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Jun 09

YOUR COMPUTER IS RUNNING SLOW!! Click here to fix.

I’ve said it before in this blog, I’m a Mac/Apple user.  But I’m also pretty familiar with Windows and PCs.  If you’re a Mac User, this post isn’t for you, but you should still read it.  It’ll make you a look like a genius when one of your PC using friends has a problem. Anyway — on to the topic.

We’ve all done it at one time or another.  Something pops up on a browser screen or you get a link in your email that says sometime like “Your computer is running slow.  Click here to fix”.  So, you click on the link.  The next thing you know, all kinds of screens are popping up in your browser, they want you to buy something so that you can “fix” your PC.  Well, you’re not really interested in buying that software so you close all the windows.  Maybe you’re done for the day and you shut down your PC and go and do something else.

The next day you fire up your PC and something seems different.  Maybe it’s running really slow — that usually the first sign.  Then assorted windows start showing up asking you to log in to something to activate the software that you didn’t want to buy.  You sit there, scratch your head, close all those windows and go about your merry way.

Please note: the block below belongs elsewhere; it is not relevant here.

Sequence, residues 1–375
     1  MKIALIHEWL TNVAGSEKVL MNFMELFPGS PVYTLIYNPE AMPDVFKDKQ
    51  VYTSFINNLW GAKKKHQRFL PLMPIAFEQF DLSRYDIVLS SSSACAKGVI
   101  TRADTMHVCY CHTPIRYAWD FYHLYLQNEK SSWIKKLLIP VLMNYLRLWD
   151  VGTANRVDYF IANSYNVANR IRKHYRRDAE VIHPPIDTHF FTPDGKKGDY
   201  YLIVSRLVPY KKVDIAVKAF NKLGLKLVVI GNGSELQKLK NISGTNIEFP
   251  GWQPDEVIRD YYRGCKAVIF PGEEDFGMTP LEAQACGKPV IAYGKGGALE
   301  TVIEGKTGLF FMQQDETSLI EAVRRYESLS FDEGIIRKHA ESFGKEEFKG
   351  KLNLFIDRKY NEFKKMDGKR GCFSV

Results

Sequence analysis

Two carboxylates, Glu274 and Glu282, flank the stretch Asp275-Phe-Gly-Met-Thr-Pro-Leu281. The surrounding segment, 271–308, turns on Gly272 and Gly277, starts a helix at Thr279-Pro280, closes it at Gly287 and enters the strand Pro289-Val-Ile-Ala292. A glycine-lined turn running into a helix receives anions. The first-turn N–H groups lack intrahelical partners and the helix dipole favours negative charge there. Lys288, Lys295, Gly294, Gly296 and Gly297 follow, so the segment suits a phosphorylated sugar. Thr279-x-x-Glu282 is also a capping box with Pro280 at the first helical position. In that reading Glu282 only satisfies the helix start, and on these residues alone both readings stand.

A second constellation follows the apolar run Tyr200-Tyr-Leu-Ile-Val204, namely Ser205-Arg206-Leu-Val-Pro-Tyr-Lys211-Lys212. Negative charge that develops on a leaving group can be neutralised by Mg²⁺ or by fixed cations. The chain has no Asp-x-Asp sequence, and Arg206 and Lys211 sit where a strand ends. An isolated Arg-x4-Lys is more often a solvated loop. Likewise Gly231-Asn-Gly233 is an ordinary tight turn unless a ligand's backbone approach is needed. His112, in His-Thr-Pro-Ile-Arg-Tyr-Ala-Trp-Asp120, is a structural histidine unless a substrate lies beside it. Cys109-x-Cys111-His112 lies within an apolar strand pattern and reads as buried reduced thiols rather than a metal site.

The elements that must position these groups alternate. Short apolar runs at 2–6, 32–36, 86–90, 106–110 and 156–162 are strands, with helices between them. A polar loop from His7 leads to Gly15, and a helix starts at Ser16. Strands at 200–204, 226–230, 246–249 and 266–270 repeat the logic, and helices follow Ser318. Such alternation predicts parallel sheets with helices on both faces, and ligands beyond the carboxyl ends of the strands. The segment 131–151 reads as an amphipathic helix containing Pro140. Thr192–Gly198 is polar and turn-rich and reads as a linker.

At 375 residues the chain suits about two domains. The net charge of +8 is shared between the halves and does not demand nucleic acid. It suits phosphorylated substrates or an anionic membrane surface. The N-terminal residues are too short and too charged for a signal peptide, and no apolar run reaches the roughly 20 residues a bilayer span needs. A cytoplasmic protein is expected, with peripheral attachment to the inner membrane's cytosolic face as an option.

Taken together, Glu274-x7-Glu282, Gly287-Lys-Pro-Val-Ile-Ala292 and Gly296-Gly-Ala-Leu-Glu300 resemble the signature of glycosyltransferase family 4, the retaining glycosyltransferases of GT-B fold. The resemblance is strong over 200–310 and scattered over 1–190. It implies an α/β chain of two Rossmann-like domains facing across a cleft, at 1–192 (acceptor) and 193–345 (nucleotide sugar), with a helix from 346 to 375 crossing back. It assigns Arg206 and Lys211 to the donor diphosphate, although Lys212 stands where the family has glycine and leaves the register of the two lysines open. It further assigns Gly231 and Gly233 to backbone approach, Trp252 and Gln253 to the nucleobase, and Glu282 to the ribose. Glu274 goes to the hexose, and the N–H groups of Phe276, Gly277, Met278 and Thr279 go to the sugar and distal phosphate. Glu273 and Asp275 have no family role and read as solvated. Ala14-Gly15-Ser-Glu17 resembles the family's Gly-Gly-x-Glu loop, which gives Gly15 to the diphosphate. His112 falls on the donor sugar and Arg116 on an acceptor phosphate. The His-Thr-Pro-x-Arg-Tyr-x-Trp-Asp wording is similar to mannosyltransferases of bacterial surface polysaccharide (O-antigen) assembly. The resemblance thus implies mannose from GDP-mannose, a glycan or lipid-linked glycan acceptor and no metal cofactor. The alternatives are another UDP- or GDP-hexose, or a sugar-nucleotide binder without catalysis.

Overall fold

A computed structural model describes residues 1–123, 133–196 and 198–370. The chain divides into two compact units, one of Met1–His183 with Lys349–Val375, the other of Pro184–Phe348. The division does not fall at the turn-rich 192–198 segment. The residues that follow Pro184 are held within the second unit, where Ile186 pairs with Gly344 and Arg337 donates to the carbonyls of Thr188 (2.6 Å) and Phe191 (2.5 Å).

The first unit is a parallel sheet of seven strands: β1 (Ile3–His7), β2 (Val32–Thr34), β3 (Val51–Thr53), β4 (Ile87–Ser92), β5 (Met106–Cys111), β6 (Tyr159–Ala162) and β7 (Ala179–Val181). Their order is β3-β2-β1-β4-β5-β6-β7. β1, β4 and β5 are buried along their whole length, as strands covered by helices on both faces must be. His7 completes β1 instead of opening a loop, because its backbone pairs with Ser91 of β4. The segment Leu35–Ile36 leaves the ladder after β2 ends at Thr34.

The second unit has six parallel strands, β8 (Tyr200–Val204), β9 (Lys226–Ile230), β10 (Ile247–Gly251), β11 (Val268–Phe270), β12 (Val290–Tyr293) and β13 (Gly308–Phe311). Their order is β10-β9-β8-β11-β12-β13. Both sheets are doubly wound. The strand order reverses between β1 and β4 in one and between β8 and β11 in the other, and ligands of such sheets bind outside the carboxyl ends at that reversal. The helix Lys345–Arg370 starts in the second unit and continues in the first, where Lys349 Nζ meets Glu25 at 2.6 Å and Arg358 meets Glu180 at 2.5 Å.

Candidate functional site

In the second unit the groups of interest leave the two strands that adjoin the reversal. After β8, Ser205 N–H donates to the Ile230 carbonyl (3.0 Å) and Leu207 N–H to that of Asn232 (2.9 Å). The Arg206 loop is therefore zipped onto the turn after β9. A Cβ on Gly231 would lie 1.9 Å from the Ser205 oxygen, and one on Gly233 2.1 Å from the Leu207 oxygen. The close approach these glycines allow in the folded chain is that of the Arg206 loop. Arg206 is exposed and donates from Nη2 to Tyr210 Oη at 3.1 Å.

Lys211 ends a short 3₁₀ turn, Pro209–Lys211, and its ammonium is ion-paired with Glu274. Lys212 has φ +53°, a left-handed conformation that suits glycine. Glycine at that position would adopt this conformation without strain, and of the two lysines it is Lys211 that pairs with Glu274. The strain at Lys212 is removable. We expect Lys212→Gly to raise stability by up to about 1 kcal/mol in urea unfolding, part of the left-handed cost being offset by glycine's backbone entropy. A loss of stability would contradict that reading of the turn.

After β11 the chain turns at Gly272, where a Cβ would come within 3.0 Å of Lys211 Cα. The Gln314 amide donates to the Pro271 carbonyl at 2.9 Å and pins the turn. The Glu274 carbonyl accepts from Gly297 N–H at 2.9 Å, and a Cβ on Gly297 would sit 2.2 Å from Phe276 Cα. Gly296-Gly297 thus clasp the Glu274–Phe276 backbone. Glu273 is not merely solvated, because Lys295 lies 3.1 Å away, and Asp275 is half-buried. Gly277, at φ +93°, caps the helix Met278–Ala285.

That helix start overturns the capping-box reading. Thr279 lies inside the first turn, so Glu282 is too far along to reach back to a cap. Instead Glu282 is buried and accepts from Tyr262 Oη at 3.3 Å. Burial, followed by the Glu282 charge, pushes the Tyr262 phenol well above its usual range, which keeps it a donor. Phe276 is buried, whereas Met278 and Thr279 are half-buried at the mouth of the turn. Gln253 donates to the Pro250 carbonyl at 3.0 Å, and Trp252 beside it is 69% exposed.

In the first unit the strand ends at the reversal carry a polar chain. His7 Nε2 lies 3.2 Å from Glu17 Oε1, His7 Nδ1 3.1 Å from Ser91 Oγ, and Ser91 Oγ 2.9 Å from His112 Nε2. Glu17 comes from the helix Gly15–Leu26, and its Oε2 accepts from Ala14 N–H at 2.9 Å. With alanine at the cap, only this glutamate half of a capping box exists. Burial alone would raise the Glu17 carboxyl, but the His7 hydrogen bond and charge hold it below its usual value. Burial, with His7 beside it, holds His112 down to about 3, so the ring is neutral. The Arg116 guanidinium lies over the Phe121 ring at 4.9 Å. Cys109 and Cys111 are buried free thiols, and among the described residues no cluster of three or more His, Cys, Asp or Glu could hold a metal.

But what you don’t know is that yesterday, when you clicked on that link, you got yourself a virus — a nasty bug that can make your life miserable.  In fact, it could possibly record every keystroke you make and send it off to some server somewhere else where some bad guy sells all your passwords and credit card and banking information to some thief.  Your identity gets stolen and who knows how long it takes to get things resolved.  All this from an innocent mouse click.

The best advice I can give you is DON’T EVER CLICK ON A LINK THAT ISN’T FROM A TRUSTED SOURCE.  And if you get an email that looks like it’s from your bank or credit card company wanting you to click on a link to check something DON’T.  Go to the bank or credit card website and enter your information there.  Chances are you’re being “Phished” — a technique that tries to get you to enter you username and password into an official looking site that’s really a link to the identity thieves.  Don’t ever  enter your User ID or passwords into anything other than a site that YOU navigated to.

OK– enough of the warnings. Assuming that you heed these warnings it won’t happen again.  But how can you fix what you did to your computer.  First and foremost, run virus and malware software that constantly monitors what’s being fed into your computer. I like Microsoft Security Essentials (http://tinyurl.com/bggzsek) — it’s free and it works well.  Just have it scan regularly and have it running in the background and it’ll do it’s job.  Yes, there’s a multitude of virus protection software like Norton (bloated), McAfee and others.  But there’s no reason to pay a fee or subscription when there’s some really good free software out there.  If you’re running Windows 8, Microsoft Security Essentials is part of the operating system — its called “Windows Defender

In addition, there’s two pieces of software that I regularly use to “clean up” PC’s that have gotten infected. Both are free for personal use and can be upgraded if you like, but I’ve been pretty satisfied with the free versions.